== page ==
Jennifer is a group therapist committed to helping people grow emotionally and develop the lives they want. She is the founder and director of the ...Read More
Unfortunately, we are in the throws of a national disaster. Hurricane Sandy’s path of destruction is behind us, but ahead there is so much devastation to address. These are times when we are typically good at coming together as a community. We ask for help and offer help as a part of daily life to get us through the crisis and start to rebuild.
Crises are, for lack of a better term, valuable in that they give us the permission to express vulnerability and a spiritual sense that we are all in this together. After all, there is not much choice when your town is under water or you are running from a fire or helping someone hurt than to look messy together, cry, ask (scream perhaps) for help, hug, and love strangers as well as family.
What if we were willing and able to live together in non-crisis times the way we live together during crises? What if expressing our vulnerability would make us stronger individually and as a community, not just during a disaster but all the time? So being more human together by choice, in the way that disasters force us to be, can help us effectively deal with the more mundane daily life traumas and difficulties as well as the big hits.
As long as we try to avoid or are afraid of feeling vulnerable, we are paradoxically more defensive and unable to be fully human. Being fully human is what makes us strong: able to respond to life’s pains and pressures, and joys and surprises.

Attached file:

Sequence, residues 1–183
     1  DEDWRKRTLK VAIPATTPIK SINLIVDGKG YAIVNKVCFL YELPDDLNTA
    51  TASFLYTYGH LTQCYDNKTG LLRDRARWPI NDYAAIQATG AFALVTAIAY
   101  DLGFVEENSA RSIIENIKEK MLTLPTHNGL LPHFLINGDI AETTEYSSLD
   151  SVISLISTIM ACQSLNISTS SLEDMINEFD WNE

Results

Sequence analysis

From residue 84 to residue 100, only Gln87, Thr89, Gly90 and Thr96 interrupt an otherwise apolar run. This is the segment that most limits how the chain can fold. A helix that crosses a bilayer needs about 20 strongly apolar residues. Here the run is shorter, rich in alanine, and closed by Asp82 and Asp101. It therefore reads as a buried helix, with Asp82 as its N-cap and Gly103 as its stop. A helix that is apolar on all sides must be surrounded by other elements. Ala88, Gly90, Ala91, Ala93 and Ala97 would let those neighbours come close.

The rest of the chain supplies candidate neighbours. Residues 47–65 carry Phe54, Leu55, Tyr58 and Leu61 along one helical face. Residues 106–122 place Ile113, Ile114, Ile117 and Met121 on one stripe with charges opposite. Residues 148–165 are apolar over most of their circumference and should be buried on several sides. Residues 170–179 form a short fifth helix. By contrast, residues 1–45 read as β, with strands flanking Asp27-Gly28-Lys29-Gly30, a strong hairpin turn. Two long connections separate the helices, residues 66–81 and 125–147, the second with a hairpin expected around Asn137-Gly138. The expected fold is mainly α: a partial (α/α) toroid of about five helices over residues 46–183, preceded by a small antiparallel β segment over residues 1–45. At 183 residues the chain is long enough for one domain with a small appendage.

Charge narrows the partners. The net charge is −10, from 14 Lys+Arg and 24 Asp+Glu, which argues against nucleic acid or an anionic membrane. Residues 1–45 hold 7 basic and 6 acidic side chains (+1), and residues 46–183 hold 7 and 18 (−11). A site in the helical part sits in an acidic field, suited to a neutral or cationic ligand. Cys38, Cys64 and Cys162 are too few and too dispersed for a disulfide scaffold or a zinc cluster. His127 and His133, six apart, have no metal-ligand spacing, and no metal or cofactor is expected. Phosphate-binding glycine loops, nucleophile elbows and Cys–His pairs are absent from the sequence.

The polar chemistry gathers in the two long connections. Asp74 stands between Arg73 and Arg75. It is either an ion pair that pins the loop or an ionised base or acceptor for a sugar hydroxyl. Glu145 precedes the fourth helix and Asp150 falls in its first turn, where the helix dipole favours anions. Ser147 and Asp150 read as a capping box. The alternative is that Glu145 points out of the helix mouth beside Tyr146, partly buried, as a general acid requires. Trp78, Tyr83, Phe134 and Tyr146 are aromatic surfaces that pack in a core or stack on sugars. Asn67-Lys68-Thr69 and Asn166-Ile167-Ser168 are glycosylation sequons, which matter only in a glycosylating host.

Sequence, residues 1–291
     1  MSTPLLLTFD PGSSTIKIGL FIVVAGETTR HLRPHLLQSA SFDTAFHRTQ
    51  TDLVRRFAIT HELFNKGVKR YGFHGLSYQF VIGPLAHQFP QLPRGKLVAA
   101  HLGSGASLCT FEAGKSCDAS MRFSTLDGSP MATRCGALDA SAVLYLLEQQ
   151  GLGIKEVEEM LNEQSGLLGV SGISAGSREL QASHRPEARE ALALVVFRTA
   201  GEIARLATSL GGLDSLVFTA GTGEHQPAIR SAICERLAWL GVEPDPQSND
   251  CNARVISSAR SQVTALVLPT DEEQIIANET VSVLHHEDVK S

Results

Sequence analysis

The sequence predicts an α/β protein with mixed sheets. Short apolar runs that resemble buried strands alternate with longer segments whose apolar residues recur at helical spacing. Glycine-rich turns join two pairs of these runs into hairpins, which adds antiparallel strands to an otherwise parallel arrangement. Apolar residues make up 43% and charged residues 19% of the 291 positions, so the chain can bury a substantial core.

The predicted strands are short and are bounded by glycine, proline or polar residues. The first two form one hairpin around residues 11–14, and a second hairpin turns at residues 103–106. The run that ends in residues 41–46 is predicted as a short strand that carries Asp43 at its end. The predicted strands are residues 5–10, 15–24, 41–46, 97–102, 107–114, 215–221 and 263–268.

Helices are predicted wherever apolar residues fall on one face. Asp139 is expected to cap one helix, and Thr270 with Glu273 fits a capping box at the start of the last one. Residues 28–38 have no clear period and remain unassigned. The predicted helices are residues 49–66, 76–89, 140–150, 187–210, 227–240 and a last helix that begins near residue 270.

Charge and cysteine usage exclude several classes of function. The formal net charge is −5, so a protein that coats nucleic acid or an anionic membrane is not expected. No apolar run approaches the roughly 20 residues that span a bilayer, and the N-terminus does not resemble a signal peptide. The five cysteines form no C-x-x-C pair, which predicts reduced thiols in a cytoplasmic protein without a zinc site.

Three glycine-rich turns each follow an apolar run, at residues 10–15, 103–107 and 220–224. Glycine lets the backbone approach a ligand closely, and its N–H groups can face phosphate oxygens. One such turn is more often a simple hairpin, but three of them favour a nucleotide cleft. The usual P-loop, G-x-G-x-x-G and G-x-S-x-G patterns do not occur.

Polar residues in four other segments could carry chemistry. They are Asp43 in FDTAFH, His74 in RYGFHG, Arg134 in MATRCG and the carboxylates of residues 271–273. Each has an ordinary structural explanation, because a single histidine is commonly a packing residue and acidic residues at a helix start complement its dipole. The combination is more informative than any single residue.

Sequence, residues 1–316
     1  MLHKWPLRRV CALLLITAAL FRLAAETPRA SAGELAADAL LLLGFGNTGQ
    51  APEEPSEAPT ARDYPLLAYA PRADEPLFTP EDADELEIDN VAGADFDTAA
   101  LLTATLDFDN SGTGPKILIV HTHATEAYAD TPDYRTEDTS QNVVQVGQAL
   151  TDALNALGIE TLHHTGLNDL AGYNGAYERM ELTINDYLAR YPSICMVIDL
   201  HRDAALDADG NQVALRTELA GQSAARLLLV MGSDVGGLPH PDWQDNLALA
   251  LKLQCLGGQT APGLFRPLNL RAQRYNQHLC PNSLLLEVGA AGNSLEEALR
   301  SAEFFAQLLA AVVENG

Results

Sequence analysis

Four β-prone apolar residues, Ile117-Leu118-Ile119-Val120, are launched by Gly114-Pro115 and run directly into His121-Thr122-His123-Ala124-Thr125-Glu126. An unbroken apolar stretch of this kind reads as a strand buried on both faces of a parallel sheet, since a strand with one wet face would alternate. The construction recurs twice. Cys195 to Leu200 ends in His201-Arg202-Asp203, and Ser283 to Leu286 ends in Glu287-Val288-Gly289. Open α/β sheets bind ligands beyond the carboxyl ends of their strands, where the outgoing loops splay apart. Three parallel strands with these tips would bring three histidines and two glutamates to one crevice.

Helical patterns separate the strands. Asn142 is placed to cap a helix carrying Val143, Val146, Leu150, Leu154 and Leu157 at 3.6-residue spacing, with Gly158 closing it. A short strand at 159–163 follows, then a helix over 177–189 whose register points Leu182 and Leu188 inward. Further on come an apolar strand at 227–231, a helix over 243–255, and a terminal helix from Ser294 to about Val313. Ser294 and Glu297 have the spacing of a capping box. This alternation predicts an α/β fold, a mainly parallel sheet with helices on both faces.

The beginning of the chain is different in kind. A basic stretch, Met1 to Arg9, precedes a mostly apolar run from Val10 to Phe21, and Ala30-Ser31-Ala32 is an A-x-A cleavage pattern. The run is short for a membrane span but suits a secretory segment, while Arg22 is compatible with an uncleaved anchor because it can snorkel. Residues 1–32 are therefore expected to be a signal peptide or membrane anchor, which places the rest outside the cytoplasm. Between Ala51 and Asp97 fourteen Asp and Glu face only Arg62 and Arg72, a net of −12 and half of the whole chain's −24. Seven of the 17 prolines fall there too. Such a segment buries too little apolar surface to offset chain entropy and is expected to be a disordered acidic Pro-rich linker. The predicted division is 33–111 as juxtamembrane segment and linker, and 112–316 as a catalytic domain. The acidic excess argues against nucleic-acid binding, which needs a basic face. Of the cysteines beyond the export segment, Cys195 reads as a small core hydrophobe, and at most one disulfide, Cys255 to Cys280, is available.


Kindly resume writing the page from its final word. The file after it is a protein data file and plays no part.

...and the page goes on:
So, how to be vulnerable? Accept that:
1. We do in fact need each other
2. We need support
3. We don’t know what we are doing sometimes (or more than sometimes!).
That’s hard given our fierce commitment to American Individualism and the Western bias of intellectualism (being smart=looking good =not needing help = better person).
I am reminded of the work created by my mentor Dr. Fred Newman (Lets Develop, CLRP Publications, 1994) where he invites us to not only accept and embrace our feelings of vulnerability but to actively GIVE our vulnerability to others:
Don’t be so possessive for goodness sake and instead, see our human-ness (“I’m scared”, “I need your help”, “I don’t know what to do”, etc.) as good material to give to others to build with!
What does he mean by ‘good material to build with’? Find out by trying this:
1. Next time you want to act cool, put together, like you know what you’re doing when you are scared, anxious, confused – share your vulnerability with the person you are with and ask for help.
2. Tell me what happens, what you and the person produce together, and how sharing affected you and your relationship.
I work hard to practice that advice in my own life and with my clients. And I find that I am, of course, failing all the time. After all, like the rest of us, I like to look smart, act like I don’t need any help, and look good.
So, here’s to being vulnerable together, even after we rebuild the disaster areas and Hurricane Sandy is long past us.